Designing a new class of prescription drugs

Terry Moore

Photo: Jenny Fontaine

Terry Moore is a medicinal chemist focused on discovering new drugs to improve the lives of men and women living with chronic health conditions, like cancer and diabetes.

Unlike many drug discovery labs, Moore’s lab investigates the way that proteins interact with one another in diseases.

“Proteins interact over large surface areas, usually much larger than the interactions of proteins and small molecule drugs, like statins or corticosteroids,” said Moore, assistant professor of medicinal chemistry in the UIC College of Pharmacy. “This makes these protein-
protein interactions more difficult to target.”

While protein-protein interactions may be more challenging drug targets, “they are ubiquitous throughout the cell, and targeting them may be more impactful if we can develop ways to manipulate their activity,” Moore said, “especially when it comes to conditions that lack adequate pharmaceutical treatment options or for conditions that are known to become resistant to small molecule drug therapies.”

For example, Moore’s lab is investigating a protein-protein interaction to treat estrogen receptor-positive breast cancer.

“Estrogen receptor-positive breast cancer is known to become resistant to the endocrine therapy drugs currently used, like tamoxifen,” Moore said. “When that happens, physicians have very few treatment options left to offer patients.

“Our approach targets a different surface of the estrogen receptor with a novel design strategy,” said Moore, whose lab has created a series of new “stapled peptides.” The stapled molecular structure causes these peptides to degrade at slower rates, not unlike many small molecules, and more easily permeate the cell to affect the function of the estrogen receptor.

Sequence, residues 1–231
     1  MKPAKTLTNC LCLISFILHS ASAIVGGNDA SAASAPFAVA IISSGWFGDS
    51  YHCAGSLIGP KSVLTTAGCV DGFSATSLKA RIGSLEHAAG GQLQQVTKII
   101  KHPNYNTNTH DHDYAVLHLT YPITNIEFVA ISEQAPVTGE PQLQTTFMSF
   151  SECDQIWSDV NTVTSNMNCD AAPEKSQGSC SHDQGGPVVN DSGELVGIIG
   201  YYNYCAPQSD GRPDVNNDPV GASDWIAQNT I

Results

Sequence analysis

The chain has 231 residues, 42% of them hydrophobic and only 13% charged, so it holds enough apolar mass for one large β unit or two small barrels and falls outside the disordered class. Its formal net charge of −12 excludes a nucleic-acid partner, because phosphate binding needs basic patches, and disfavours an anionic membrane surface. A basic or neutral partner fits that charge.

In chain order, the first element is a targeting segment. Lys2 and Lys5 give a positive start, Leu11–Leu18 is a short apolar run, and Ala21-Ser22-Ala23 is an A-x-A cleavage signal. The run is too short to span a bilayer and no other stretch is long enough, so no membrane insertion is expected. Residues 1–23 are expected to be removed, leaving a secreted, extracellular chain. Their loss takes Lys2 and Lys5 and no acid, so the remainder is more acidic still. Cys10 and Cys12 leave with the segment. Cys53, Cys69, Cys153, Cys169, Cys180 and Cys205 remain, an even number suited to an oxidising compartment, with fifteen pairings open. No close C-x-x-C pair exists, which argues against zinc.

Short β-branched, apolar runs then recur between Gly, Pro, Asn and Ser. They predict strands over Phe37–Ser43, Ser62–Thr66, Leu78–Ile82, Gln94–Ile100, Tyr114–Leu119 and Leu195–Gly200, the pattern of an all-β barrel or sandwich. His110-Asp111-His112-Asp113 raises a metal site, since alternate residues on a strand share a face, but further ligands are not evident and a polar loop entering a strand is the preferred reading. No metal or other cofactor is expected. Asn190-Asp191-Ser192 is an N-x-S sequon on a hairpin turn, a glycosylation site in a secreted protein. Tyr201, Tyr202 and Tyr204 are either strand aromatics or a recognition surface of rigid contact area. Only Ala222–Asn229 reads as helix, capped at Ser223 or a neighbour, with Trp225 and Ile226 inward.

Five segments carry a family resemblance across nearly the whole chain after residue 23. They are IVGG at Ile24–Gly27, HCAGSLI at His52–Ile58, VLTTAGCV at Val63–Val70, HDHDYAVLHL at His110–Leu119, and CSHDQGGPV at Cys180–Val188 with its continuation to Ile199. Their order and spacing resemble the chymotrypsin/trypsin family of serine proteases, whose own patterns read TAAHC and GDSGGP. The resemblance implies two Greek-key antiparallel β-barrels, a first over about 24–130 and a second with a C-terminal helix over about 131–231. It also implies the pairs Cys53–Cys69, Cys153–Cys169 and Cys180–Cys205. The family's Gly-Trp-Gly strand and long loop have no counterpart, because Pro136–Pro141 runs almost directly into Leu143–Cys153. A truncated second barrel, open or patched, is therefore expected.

“Because the mechanism we’re investigating works differently than the small molecule mechanism, they may be successful when treatments with small molecule drugs have failed,” Moore said.

Already, the stapled peptides have worked in biochemical models. Moore and his collaborators are now studying inhibition of estrogen receptor-positive breast cancer growth using stapled peptides in vitro — in petri dish cells.

Moore and his collaborators are also studying another protein in vivo — in living organisms. This protein, called Nrf2, controls expression of protective enzymes of cells and is an important drug target for many different conditions; Moore is investigating ways to activate Nrf2 for chronic wound healing.

“Chronic, non-healing wounds of the skin are serious medical complications that affect over 6.5 million Americans,” Moore said. “While there are surgical and topical treatments for these wounds, which include pressure sores and diabetic foot ulcers, there are almost no pharmaceutical therapies, and the high number of lower-limb amputations each year arising from these wounds provides undeniable evidence that new treatments are needed.”

Moore hopes that, by studying protein-protein interactions and developing the tools needed to harness their therapeutic potential, his lab will pave the way for the development of a new class of drugs.

“We want to create something new,” Moore said. “Something that may help people.”

Moore’s research has been published in nearly 30 peer-reviewed journals, including the high impact factor journal, Angewandte Chemie International Edition.

In addition to his appointment in the UIC College of Pharmacy, Moore is also a member of the UIC Collaborative Engagement in Novel Therapeutic Research and Enterprise (UIC Centre) and the University of Illinois Cancer Center.

Moore received his bachelor’s degree in biochemistry from Abilene Christian University and his Ph.D. in chemistry from the University of Illinois at Urbana-Champaign. He was a post-doctoral researcher at the University of Illinois and Emory University before joining the faculty at UIC.

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